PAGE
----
The sockeye is not currently considered to be overfished, and globally populations are healthy. Although a study by Goslin et al in 2012 found that 27% of extant populations of sockeye salmon are at risk of extinction. The greatest number and concentration of threatened populations is in the southern part of the North American range and is primarily as a result of overfishing, freshwater habitat loss, dams, hatcheries and changing ocean conditions. Alaskan sockeye stocks are currently generally healthy, albeit individual population trends are diverse. There are no Alaskan populations listed under the USA’s Endangered Species Act, but there are two populations in the Pacific Northwest of the USA that are listed as threatened following several decades of dramatic declines in abundance there. Nevertheless, recent reports from the US National Oceanic and Atmospheric Administration (NOAA) indicate that sockeye in the Pacific Northwest may be on the way to recovery, with the 2014 run on the Columbia river showing encouraging trends. Recovery plans have been implemented in the Pacific Northwest, including hatchery programmes, and removal or modification of dams, restoration of degraded habitat and improved water quality. Large-scale hatchery programmes are in operation in Alaska, and there are concerns over the adverse impact of these hatchery fish on wild stocks.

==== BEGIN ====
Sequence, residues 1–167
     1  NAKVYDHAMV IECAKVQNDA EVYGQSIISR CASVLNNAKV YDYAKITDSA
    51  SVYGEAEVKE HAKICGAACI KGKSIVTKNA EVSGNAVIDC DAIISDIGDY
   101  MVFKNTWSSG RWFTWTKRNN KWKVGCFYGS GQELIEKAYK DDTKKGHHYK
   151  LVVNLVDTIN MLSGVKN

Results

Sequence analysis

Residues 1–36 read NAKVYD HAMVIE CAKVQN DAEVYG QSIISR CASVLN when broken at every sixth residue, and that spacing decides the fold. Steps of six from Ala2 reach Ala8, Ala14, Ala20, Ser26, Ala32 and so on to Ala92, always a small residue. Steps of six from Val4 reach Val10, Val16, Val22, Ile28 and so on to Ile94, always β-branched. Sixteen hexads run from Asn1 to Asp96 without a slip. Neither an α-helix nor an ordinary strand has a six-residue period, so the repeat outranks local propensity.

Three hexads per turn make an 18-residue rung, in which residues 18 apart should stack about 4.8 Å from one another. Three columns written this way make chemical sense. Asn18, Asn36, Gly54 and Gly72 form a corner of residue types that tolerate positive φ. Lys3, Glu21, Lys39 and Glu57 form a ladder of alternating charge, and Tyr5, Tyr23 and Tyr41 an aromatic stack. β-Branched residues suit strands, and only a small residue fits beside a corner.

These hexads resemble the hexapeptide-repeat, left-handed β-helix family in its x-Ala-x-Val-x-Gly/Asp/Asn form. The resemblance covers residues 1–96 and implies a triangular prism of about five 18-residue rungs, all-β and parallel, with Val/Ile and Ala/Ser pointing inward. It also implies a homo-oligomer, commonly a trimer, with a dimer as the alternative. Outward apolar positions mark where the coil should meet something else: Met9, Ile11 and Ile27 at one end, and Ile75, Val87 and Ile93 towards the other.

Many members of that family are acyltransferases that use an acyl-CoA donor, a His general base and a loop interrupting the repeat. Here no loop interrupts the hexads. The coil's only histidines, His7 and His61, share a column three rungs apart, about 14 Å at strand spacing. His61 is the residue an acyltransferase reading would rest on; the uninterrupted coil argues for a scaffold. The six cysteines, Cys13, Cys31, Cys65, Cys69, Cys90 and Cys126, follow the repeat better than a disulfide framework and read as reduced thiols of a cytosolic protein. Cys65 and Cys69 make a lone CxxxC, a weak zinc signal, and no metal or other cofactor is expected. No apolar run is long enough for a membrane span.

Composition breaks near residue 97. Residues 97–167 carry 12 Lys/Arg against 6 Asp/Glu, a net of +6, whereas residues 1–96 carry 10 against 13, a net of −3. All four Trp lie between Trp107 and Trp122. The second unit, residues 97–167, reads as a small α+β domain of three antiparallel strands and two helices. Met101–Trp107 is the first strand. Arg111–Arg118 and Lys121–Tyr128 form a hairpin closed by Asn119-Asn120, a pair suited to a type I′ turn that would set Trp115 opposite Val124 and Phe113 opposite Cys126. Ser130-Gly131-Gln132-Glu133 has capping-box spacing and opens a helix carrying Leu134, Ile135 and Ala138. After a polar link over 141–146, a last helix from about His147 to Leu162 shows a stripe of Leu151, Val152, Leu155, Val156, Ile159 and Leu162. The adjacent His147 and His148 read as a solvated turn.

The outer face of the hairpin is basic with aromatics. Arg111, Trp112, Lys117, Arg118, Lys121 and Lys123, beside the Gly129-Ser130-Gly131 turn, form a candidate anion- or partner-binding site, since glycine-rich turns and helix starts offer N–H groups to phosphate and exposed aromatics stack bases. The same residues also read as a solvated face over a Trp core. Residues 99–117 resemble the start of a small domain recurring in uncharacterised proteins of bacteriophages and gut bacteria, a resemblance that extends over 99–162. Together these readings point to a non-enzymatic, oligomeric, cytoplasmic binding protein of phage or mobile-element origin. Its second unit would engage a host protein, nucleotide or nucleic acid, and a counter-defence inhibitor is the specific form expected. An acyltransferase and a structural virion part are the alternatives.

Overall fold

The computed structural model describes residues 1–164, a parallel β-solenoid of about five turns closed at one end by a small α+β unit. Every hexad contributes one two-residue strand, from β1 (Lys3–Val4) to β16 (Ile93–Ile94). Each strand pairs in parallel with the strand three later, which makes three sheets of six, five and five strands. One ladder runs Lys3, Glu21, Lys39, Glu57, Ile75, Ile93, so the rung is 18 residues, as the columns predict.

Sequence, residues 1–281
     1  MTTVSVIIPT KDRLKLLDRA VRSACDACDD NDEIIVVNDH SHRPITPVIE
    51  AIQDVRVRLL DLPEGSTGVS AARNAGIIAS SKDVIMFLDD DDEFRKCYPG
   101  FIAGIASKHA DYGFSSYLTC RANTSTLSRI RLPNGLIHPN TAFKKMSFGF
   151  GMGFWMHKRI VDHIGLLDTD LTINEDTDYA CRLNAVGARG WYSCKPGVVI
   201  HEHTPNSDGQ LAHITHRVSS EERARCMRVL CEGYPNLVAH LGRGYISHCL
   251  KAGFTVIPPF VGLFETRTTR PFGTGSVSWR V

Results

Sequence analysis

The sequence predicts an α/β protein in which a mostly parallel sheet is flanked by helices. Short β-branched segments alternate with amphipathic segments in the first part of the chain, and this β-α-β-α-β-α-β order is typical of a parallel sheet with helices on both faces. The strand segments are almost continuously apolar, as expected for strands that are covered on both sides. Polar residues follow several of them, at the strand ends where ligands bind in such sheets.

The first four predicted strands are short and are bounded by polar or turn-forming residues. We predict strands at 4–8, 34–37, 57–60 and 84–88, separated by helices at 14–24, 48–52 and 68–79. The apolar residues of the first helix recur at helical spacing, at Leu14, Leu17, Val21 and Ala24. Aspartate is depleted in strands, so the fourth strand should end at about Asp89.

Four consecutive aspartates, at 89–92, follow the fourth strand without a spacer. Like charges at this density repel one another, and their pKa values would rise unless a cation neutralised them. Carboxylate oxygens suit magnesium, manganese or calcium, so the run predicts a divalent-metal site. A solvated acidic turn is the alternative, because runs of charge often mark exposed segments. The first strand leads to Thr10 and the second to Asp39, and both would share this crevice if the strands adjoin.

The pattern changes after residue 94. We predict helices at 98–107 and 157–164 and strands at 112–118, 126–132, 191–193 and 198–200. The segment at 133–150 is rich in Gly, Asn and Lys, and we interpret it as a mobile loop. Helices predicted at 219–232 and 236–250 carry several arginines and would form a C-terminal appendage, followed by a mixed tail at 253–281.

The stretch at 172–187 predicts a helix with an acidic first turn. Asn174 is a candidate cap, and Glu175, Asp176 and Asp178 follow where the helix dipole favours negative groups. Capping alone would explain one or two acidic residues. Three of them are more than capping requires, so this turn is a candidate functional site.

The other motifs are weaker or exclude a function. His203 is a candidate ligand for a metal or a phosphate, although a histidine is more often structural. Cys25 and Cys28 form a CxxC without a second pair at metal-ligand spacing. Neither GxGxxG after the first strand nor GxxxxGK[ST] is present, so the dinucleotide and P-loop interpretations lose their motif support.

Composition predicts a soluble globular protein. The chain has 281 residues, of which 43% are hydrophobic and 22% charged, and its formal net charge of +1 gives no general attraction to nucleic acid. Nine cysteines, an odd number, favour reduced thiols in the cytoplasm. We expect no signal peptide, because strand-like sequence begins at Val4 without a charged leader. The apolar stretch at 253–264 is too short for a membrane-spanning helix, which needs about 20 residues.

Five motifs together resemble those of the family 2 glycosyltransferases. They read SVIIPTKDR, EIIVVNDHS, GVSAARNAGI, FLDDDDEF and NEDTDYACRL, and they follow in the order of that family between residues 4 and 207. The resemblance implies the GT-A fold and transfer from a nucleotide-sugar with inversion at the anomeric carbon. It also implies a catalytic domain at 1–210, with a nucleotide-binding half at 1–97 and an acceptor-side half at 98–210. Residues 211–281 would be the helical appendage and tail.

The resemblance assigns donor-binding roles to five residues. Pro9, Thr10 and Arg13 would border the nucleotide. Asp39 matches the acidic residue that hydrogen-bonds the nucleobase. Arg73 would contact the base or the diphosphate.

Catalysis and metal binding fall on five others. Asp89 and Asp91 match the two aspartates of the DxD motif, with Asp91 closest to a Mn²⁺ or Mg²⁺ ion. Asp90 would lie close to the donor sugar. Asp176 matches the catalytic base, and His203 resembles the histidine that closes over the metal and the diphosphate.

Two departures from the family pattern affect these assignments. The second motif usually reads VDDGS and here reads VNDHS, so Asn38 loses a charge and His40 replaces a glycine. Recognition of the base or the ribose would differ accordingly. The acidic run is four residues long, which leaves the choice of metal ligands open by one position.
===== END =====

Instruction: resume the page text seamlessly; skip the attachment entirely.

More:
Sockeye salmon are managed through a combination of various international, federal, tribal, and state actions. The North Pacific Anadromous Fish Commission is an international organisation involved in managing Pacific salmon stocks, and comprises the USA, Canada, Japan, Republic of Korea and the Russian Federation. The Pacific Salmon Commission is a treaty between Canada and the USA covering the management of the Pacific salmon. The North Pacific Fishery Management Council is a US federal body that sets management plans for the 3 - 200 nm ocean zone, and the Alaska Department of Fish and Game (ADFG) manages the Alaskan fresh water and the 0 - 3 nm zone based upon regulations set by the Alaskan Board of Fisheries. Management measures include the timing of fisheries, the size of gear, area and retention restrictions, and a limited entry programme. ADFG scientists monitor spawning escapement ie. the number of fish that escape the fishery and return to their natal stream, and adjust the fishery restrictions accordingly during the season. The Alaska Pacific salmon fisheries occur within US territorial waters adjacent to the coast of the State of Alaska, and are managed principally by ADFG. The Alaska state constitution (Article VIII, Section 4) requires the management, conservation and protection of the salmon resource and its habitat. Today, this constitutional requirement, coupled with effective management, has contributed to the healthy status of the salmon fisheries. In collaboration with ADFG, the Alaska Board of Fisheries allocates salmon to the various gear users. Management measures implemented include: establishing open and closed seasons, in season (realtime) management by virtue of Emergency Orders, setting quotas, bag limits, harvest limits (after escapement goals are reached), sex and size limitations, establishing the methods and means employed in the pursuit, capture and transport of fish, watershed and habitat improvement, management, conservation, protection, use, disposal, propagation and stocking of fish, regulating commercial, sport, guided sport, subsistence, and personal use fishing as needed for the conservation, development, and sustainable utilisation of fisheries. All Pacific wild salmon (pink, chum, coho, sockeye and Chinook) caught in waters off Alaska is from fisheries certified to the FAO-Based Responsible Fisheries Management (RFM) Certification Programme as responsibly managed for sustainable use. Following full assessment, the fisheries reached certification in 2011 and it was concluded that the Alaska salmon fisheries meet the FAO-Based RFM conformance criteria. Yearly surveillance assessments validate and ensure that the fishery continues to be managed responsibly.